Daniel Barnett 9pm - 10pm
Long Covid: Cyclist has been wheelchair bound with symptoms for 6 months
8 October 2020, 10:25
"I went to A&E five times": This perfectly healthy woman who cycled 13 miles each day now must use a wheelchair to leave the house and has not had a symptom-free day for 6 months.
Since contracting long Covid, Claire Hastie has set up the Long Covid Support Group for all those suffering with the virus for extended periods of time - it has 25,000 people in it.
"I used to cycle 13 miles a day on my commute, ate a healthy diet, active life," Ms Hastie said, "I fell ill on 17 March and I am yet to have a symptom-free day since then - she told Nick she went to A&E five times and was sometimes "practically crawling through the door."
"I now have to use a wheelchair to leave the house...my muscles are seized up with lactic acid like I've cycled up a big hill. They're like that all the time even when I wake up in the morning.
"I have breathing issues and headaches and heart issues, the list is pretty long."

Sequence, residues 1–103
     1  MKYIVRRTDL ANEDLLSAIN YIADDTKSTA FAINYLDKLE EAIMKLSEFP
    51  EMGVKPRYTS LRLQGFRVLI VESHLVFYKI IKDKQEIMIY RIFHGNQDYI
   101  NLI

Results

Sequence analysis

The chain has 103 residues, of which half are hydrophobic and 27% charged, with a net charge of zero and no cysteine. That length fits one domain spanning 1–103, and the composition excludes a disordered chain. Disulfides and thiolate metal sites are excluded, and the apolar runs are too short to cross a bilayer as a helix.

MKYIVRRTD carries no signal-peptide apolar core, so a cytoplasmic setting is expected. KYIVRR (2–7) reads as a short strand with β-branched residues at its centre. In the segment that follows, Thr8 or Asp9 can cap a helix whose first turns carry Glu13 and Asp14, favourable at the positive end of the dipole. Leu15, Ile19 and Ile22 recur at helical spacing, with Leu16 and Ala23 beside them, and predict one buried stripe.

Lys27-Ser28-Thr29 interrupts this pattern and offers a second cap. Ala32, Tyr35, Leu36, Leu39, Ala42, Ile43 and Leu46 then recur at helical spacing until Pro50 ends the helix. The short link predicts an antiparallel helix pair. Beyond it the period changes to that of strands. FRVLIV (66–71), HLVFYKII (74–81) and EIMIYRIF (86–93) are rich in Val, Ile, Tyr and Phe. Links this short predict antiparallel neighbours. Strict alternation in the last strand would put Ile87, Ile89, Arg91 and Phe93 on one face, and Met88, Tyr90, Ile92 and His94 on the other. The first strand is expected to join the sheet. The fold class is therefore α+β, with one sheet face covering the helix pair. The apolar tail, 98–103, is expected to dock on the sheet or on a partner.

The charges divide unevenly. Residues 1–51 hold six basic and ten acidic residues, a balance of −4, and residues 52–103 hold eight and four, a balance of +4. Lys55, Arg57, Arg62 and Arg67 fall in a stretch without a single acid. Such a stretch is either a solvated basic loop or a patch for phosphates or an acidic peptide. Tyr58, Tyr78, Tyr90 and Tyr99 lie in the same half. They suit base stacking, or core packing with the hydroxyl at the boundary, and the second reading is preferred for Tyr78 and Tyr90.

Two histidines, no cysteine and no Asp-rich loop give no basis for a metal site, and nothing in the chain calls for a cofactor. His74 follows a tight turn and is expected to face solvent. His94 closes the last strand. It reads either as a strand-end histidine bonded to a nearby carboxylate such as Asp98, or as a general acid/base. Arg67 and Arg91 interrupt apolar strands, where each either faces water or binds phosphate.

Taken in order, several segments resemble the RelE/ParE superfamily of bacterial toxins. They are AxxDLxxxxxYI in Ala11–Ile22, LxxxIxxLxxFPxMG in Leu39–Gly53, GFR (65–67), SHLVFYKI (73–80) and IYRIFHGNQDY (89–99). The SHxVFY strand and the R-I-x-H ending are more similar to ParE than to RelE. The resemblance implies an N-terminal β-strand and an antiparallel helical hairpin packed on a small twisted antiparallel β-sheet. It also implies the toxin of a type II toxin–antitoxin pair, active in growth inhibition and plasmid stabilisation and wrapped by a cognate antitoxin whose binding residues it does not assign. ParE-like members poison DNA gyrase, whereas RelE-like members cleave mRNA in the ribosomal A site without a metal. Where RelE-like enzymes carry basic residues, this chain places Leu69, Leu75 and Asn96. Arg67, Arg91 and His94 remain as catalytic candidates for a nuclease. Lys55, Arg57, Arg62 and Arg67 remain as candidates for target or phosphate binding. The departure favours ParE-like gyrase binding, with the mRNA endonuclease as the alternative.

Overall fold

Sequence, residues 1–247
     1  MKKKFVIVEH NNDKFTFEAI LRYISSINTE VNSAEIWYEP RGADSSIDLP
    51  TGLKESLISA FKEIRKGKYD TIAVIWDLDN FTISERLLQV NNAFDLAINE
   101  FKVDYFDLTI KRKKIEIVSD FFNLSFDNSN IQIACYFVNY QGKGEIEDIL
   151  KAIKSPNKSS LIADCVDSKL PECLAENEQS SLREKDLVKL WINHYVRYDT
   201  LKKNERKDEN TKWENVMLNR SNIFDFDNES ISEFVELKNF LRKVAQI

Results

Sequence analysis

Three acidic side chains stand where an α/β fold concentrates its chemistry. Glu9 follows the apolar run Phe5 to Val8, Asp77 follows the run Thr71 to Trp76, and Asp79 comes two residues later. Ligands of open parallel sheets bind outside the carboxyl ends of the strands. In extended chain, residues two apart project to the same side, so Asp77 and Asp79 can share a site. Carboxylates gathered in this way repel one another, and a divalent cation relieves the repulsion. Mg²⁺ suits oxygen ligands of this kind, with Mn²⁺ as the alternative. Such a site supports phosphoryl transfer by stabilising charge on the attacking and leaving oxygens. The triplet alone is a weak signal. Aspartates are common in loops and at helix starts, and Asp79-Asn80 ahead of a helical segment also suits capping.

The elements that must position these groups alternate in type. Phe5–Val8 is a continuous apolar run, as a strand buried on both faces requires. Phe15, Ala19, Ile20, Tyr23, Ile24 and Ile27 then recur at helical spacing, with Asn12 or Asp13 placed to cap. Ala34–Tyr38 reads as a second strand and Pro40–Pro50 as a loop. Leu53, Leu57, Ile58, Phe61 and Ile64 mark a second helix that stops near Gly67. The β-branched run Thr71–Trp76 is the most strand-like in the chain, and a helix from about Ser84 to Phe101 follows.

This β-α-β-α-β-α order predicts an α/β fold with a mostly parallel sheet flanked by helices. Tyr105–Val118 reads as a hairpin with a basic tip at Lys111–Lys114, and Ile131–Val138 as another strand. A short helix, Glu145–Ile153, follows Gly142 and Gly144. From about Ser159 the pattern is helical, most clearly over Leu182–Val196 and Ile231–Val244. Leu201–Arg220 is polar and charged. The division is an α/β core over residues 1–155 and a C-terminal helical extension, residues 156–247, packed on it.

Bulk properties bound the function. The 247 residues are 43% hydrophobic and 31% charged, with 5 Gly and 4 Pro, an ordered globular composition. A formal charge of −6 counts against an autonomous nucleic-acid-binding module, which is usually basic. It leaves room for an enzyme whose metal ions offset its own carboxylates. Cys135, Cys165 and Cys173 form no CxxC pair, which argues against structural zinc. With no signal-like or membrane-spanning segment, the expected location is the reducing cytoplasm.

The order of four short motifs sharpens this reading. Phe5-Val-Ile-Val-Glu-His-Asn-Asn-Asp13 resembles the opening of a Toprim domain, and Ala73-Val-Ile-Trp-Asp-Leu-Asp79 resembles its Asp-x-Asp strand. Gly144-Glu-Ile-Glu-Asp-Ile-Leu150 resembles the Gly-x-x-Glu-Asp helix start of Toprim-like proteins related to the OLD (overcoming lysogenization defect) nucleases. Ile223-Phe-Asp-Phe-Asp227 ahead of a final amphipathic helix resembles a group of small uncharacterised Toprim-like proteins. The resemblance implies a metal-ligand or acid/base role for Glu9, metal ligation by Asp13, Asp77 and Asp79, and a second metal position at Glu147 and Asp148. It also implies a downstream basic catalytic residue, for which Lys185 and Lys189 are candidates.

Ms Hastie told Nick that thankfully she can work from home as she has a desk-based job, but for many of the people in the support group who have physical jobs, are unable to work "even six months on."
She told Nick that there has been a "major breakthrough" for Long Covid with bodies NICE and SIGN in Scotland setting out guidelines for GPs with clinics being introduced which is "hugely welcome."
"We've been invisible for many many months," she said, pointing out that a lot of people with Long Covid are not in the statistics as they fell ill in March and were not offered testing.
"I'd really like to understand the scale of this so it can be communicated," she said, estimating about 10% of people have symptoms for one month or more but is largely unsure.
She pointed out that for many of those with Long Covid, they were not put on ventilators so hospitals considered their cases "relatively not severe" - she said she has never had medication for the illness and does not predict she will any time soon.
Ms Hastie told Nick that she has been turned away from clinics who have said, "We have no idea why you can't walk and therefore you're discharged."
"We need the research to catch up," she said.